Thinking (out loud) big.
Setting aspirational goals.
Changing the culture.
In a recent interview with the New Republic, Griffin declared he expects to beat FOX News by 2014. Griffin’s producers are apparently buying in, with one openly referring to FOX as “Loserville”.
Bold prediction, bold posture, particularly since it wasn’t too long ago that MSNBC was sometimes fourth in the cable news race (behind FOX, CNN and HLN).
Before embracing opinion and liberalism over straight news, the network lacked a brand, an identity. In March 2007 primetime, the primetime lineup consisted of one conservative (Joe Scarborough), one libertarian (Tucker Carlson) and two liberals who didn’t appear to enjoy each other’s company (Keith Olbermann and Chris Matthews). In daytime, the straight news offering was respectable thanks to resources from the NBC mothership (albeit low rated), but would get blown out of the water by CNN when any major story broke, particularly an international one.
Since that time (as recently noted in this space), MSNBC has made a tactical decision to go all-left, almost all opinion (to be precise, a recent Pew Research study says Griffin’s brand is now 85 percent opinion, 15 percent straight news).
The result has been a ratings jump by roughly 100 percent. Double the audience. And by 2012, MSNBC had leapfrogged in the demo over everyone except FOX. In the process, it finally found the identity it was looking for.
However, since the election and the made-for-TV Fiscal Cliff narrative that followed, MSNBC not only hasn’t continued to build momentum, it has slowly lost it. The wins that used to periodically occur more often in the demo (25-54) by Rachel Maddow and Lawrence O’Donnell over Sean Hannity and Greta Van Susteren, respectively, are becoming fewer and far between. In terms of overall audience, FOX is once again Secretariat heading down the stretch…so far ahead in most timeslots it’s barely visible (doubling, tripling, even quadrupling MSNBC).
But second place still puts Griffin in position to make a slow, steady climb back, using the most important midterm election of our lifetime (trust me, you’re going to hear that on every channel) as a trampoline to finally overtake mighty FOX.
Just one problem: MSNBC is currently no longer in second.
Over the past two weeks, night after night, Griffin’s network has been beaten soundly in primetime by Turner’s Headline News Network (HLN). Sure, some of that ratings bump is driven by the Jodi Arias trial, but as Bill Parcells once said, “There’s winning, and there’s misery.” And MSNBC can’t think of targeting the best team in the league when it can’t even win the race to runner-up, regardless of the excuse (in this case, a murder trial, and when Arias ends, the Trayvon Martin case begins…which will only extend HLN’s silver medal standing further).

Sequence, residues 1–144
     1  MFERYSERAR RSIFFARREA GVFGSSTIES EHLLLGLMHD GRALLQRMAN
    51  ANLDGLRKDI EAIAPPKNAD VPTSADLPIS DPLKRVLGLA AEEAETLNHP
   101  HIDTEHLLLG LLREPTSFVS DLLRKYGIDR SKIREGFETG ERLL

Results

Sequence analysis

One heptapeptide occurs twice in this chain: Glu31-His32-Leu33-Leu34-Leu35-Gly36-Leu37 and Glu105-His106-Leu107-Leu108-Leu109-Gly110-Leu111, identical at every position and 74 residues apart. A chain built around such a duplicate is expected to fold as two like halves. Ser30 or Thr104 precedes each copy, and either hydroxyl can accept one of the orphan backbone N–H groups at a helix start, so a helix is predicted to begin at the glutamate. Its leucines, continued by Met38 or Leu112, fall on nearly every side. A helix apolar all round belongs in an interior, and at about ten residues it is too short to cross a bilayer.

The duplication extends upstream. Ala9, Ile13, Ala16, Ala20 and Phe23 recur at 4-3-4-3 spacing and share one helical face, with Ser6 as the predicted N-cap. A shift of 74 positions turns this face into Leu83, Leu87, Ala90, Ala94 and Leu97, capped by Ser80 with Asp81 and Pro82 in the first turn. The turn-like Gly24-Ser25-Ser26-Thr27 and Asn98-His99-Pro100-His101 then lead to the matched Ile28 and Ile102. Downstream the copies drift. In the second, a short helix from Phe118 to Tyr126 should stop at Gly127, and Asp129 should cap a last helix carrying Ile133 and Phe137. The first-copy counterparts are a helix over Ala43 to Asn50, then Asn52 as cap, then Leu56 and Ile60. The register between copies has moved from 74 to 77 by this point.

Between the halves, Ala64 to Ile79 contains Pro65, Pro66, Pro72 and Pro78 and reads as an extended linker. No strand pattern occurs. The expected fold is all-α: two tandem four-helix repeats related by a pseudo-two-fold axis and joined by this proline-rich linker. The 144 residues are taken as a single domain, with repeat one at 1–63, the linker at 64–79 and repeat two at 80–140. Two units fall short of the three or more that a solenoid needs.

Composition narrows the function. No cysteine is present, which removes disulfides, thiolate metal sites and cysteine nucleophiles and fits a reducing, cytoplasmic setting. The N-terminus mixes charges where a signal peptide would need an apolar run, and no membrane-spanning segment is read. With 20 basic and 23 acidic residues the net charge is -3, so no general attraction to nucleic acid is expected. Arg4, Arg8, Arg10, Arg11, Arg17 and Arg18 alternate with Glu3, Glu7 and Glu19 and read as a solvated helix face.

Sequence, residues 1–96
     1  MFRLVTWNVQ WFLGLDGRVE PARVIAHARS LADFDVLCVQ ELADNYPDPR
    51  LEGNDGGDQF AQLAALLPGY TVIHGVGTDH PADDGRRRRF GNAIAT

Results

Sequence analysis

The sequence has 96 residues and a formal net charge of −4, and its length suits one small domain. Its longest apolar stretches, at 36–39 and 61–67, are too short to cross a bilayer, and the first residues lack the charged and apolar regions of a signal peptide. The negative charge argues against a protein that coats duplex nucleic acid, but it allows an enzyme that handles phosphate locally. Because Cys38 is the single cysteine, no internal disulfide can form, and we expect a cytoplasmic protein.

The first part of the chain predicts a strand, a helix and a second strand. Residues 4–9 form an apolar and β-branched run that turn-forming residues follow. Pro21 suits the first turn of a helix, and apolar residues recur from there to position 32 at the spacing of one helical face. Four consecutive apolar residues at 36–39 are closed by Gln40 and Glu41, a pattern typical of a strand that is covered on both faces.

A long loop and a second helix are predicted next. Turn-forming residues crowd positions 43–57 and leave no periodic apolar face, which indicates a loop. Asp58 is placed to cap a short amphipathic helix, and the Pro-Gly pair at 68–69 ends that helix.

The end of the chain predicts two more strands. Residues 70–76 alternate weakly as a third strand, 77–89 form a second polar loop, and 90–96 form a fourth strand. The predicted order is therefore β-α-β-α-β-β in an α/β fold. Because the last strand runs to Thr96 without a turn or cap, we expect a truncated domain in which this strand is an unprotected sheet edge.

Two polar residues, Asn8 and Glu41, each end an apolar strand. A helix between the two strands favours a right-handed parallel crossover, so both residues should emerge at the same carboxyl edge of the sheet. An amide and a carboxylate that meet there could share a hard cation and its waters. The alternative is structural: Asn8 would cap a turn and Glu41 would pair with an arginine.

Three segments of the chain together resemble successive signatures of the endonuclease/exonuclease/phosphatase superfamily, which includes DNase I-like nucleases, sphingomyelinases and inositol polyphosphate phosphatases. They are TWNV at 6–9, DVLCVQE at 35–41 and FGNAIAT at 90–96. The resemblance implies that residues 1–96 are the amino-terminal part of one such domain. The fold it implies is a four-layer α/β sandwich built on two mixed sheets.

Turner’s CNN is also rebuilding its brand, evidenced by the recent hires of Chris Cuomo and Jake Tapper (who will need some time to build a regular audience). And Jeff Zucker won’t stop there: Big pockets at Turner means relatively big names will likely follow in the coming year, and given the current numbers in the primetime 25-54 demo (mostly in the 100,000-150,000 range; for context, FOX News averages above 300,000), big changes are needed. In a related story, Griffin and Zucker are old friends from The Today Show back in the show’s good old days in the 20th century.
In order to make a bold move upward, Griffin will also have to lead on the content front instead of following FOX’s and Roger Alies’s lead. The most glaring example is how FOX’s The Five set the bar for roundtable, opinion programming. Instead of spending money on new talent or overexposing current star anchors, Alies mostly went to his contributor bench and found Kimberly Guilfoyle, Andrea Tantaros, Eric Bolling, Bob Beckel, Greg Gutfeld and Dana Perino to rotate into The Five. It’s now the second-highest rated show in cable news.
A few months later, MSNBC launched The Cycle, consisting of four opinion makers: S.E. Cupp, Toure, Krystal Ball, and Steve Kornacki got the nod to be quad-hosts.
But here’s the difference: The Five is all of the following things (at different times) thanks to its cast: Unbalanced, relaxed, confrontational, goofy, sober.
The Cycle simply has a different feel. The words that come to mind: Unbalanced, unnatural, uptight, forced, mean. It simply takes itself way too seriously. All of that said, The Cycle is still an improvement for MSNBC at 3:00 PM over its predecessor.
But therein lies the difference: FOX creates The Five, it goes straight to the top of daytime cable news. MSNBC creates The Cycle to look and feel like The Five, and while it’s a modest upgrade for the network, it isn’t a game changer. Not even close.
So absent of a major election (midterms are 19 months away) and some changes in on-air talent (Chris Hayes replacing Ed Schultz at 8:00 PM isn’t making Bill O’Reilly lose a wink of sleep, while recent additions—David Alexrod and Robert Gibbs—only make the echo chamber louder without expanding the audience), MSNBC isn’t heading to the summit no matter how many optimistic declarations Phil Griffin—now the Rex Ryan of cable news—makes publicly or privately.
Still, one has to admire Griffin for sending the right message to everyone under his command at 30 Rock. Conquering FOX is the correct tone to set…not settling for second, but the big question is: Does he have the players, the vision and the creativity, to actually pull it off?
In the meantime, Griffin should be looking in the rearview mirror where his friend, former co-worker and real competitor, Jeff Zucker, is lurking.
Because CNN and HLN may put MSNBC right back where it was.
Out of the money.
Off the medal stand.
Forget first place.
Beware of third or fourth instead…
Follow Joe Concha on Twitter @ConchSports
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